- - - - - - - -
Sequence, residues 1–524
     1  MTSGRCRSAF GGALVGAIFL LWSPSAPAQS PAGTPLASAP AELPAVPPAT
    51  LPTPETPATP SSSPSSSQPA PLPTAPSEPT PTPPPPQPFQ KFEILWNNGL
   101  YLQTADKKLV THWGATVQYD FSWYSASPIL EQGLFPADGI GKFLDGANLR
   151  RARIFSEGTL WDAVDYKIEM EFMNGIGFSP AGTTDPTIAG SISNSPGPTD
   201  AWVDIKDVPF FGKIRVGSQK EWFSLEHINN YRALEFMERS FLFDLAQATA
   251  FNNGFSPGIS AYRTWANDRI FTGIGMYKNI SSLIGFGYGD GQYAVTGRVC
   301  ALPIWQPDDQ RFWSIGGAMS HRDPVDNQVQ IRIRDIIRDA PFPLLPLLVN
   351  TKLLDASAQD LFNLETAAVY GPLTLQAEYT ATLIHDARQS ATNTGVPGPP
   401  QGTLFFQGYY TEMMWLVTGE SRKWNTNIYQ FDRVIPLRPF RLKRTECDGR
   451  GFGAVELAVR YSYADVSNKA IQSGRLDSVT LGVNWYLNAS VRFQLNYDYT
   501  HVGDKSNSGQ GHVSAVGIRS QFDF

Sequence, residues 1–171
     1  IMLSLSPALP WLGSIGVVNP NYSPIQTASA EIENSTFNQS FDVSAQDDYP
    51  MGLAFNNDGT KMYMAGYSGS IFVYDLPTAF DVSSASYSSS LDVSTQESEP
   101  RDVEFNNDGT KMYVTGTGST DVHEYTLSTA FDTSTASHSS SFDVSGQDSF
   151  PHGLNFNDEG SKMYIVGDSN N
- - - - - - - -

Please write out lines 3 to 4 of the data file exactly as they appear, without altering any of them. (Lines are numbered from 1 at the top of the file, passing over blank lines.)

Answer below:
    51  LPTPETPATP SSSPSSSQPA PLPTAPSEPT PTPPPPQPFQ KFEILWNNGL
   101  YLQTADKKLV THWGATVQYD FSWYSASPIL EQGLFPADGI GKFLDGANLR